New Delhi, November 28
Providing yet another opportunity to black money holders to legalise their wealth, the government has proposed to tax at 50 per cent the unaccounted demonetised cash that is disclosed voluntarily till December 30, after which a steep up to 85 per cent tax and penalty will be levied on undisclosed wealth that is discovered by authorities.
The Taxation Laws (Second Amendment) Bill, 2016, introduced today in the Lok Sabha by Finance Minister Arun Jaitley, nearly three weeks after Prime Minister Narendra Modi banned high denomination currency notes, also provides for immunity from being questioned on the source of funds.
It amends the Income Tax Act to also provide for black money declarants having to mandatorily park 25 per cent of that wealth in zero-interest, four-year-no-withdrawal scheme.
Introduced amid opposition uproar over hardships caused by demonetisation, the Bill proposes a Pradhan Mantri Garib Kalyan Yojana 2016 wherein the unaccounted, now banned 500 and 1,000 rupee notes, deposited in banks between November 10 and December 30, will be taxed at 30 per cent plus a 10 per cent penalty. A 33 per cent surcharge on the tax will take the total levy to 50 per cent.
Revenue Secretary Hasmukh Adhia told the media later that "the disclosures in PMGKY scheme will ensure that no questions will be asked about the source of fund. It would ensure immunity from Wealth Tax, civil laws and other taxation laws.
But there is no immunity from FEMA, PMLA, narcotics, and Black Money Act".
The Bill proposes to amend Section 115BBE of the Income Tax Act to provide for a steep 60 per cent tax and a 25 per cent surcharge on it (total 75 per cent) for black money holders who choose to disclose after PMGKY ends.
Another section inserted provides for an additional 10 per cent penalty on being established that the undeclared wealth is unaccounted or black money, taking the total incidence of levies to 85 per cent.
The scheme comes within two months of the close of domestic black money disclosure scheme wherein the total incidence of tax was 45 per cent. A total of Rs 65,250 crore in black money was brought to book by the close of the scheme on September 30.
"We have seen that some people were trying to convert black money to black again by using new currency," Adhia said adding that the provision has been amended to bring 75-85 per cent tax.
It proposes to make penalty provisions for wealth found during search and seizures more stringent by raising the fines to 30 per cent of the income discovered which is admitted by the assessee and taxes are paid.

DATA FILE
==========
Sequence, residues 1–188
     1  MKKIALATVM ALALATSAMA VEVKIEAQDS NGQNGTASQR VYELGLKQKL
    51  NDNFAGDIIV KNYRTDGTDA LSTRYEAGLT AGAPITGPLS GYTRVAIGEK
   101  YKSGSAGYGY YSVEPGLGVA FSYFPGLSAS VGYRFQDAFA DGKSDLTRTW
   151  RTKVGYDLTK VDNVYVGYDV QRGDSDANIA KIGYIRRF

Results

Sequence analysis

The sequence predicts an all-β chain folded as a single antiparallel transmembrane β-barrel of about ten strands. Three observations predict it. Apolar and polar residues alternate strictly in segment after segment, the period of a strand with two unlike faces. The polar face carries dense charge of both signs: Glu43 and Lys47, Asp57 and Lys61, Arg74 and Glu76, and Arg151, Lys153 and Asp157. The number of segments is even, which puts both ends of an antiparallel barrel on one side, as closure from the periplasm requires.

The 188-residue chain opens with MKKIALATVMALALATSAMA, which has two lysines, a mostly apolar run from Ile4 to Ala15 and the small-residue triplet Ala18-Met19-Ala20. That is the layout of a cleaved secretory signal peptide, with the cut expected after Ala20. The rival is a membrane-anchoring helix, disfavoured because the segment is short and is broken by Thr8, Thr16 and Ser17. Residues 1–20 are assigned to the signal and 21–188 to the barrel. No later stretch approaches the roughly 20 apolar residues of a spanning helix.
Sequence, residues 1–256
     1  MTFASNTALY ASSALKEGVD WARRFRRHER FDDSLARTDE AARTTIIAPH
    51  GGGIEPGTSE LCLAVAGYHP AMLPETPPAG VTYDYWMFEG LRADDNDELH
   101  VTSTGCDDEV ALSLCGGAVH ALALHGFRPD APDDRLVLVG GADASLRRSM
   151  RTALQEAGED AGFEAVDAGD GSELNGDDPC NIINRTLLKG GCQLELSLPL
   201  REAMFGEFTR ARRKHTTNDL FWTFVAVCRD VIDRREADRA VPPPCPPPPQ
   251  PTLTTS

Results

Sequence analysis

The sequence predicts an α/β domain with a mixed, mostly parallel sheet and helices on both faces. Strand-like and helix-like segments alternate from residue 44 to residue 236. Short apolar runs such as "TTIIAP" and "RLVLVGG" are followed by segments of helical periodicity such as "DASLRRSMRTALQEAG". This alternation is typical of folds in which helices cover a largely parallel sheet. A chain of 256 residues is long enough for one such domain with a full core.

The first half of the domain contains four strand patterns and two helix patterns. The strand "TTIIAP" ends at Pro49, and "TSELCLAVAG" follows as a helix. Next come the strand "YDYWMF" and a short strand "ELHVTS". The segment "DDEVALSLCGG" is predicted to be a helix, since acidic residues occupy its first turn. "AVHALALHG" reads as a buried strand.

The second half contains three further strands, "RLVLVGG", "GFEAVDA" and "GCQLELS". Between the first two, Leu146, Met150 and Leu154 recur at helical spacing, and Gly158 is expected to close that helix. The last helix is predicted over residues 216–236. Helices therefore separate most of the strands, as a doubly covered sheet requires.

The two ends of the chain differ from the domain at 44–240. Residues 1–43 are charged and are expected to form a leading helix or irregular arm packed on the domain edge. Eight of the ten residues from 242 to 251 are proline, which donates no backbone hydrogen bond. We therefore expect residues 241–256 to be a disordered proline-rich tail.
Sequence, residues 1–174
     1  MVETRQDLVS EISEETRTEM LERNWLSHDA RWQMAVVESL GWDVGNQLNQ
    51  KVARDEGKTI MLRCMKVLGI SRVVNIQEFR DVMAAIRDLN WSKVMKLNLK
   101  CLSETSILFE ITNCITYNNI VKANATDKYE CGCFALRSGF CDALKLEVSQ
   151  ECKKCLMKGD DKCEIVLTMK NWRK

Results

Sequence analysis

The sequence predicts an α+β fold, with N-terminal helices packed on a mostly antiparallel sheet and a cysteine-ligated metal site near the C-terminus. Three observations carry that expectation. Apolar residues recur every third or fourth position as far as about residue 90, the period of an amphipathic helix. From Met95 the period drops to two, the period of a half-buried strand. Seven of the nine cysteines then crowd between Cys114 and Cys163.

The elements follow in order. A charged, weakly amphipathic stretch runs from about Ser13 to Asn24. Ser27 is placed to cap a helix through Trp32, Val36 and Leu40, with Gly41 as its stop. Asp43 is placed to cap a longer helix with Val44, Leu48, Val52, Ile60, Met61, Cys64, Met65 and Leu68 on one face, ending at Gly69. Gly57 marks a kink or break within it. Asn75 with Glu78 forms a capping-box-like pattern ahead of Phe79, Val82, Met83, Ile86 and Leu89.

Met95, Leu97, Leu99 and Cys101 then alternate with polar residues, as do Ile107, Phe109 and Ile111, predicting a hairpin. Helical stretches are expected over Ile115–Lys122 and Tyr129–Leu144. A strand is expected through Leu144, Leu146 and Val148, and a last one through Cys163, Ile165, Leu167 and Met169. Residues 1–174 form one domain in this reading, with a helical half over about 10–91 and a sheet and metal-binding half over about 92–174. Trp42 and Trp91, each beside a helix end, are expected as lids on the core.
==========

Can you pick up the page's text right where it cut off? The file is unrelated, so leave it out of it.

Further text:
This compares to levy of 10 per cent in such cases income admitted, returned and taxes paid and 20 per cent where income is not admitted but taxes are paid. In all other cases the levy remains at 60 per cent.
The current provisions of penalty on under-reporting of income at 50 per cent of the tax, and misreporting (200 per cent of tax) will remain and no changes are being made to them.
"In the wake of declaring specified bank notes as not legal tender, there have been representations and suggestions from experts that instead of allowing people to find illegal ways of converting their black money into black again, the government should give them an opportunity to pay taxes with heavy penalty and allow them to come clean so that not only the government gets additional revenue for undertaking activities for the welfare of the poor but also the remaining part of the declared income legitimately comes into the form economy," the Statement of Objects and Reasons of the Bill said.
Adhia said the Bill is not a retrospective amendment as the financial year is still on and people have not filed return.
He disagreed with questionnaire that this was an amnesty scheme saying tax and penalties proposed are steep.
Will be a ‘money Bill’
The Bill has been brought in as a 'Money Bill' requiring consent of Lok Sabha alone. Rajya Sabha, where the ruling party does not have a majority, cannot make amendments in a Money Bill passed by Lok Sabha and transmitted to it.
Those who choose to declare their ill-gotten wealth stashed till now in banned 500 and 1000 rupee notes under the Pradhan Mantri Garib Kalyan Yojana 2016, will have to pay a tax at the rate of 30 per cent of the undisclosed income.
Additionally, a 10 per cent penalty will be levied on the undisclosed income and surcharge called PMGK Cess at the rate of 33 per cent of tax (33 per cent of 30 per cent).
Further, the declarants have to deposit 25 per cent of the undisclosed income in a scheme to be notified by the government in consultation with the Reserve Bank of India (RBI).
The money from the scheme would be used for projects in irrigation, housing, toilets, infrastructure, primary education, primary health and livelihood so that there is justice and equality, said the Statement of Objects and Reasons of the Bill.
For those who continue to hold onto undisclosed cash and are caught, existing provisions of the Income Tax law will be amended to provide for a flat 60 per cent tax plus a surcharge of 25 per cent of tax (15 per cent), which will amount a levy of 75 per cent.
Besides, if the assessing officer decides he can charge a 10 per cent penalty in addition to the 75 per cent tax.
Under the new Pradhan Mantri Garib Kalyan Yojana, besides 50 per cent tax, surcharge and penalty, a quarter of the declared income will be to be deposited in interest-free deposit scheme for four years.
Adhia said the deterrent provisions were necessary so that people have the fear of hoarding black money.
Deposits which have been already made from November 10 will be covered under PMGKY. "Last date, we will notify after the Bill is passed but it is likely to be December 30. PMGKY will come in as a new Chapter 9 in Finance Act 2016," he said. — PTI
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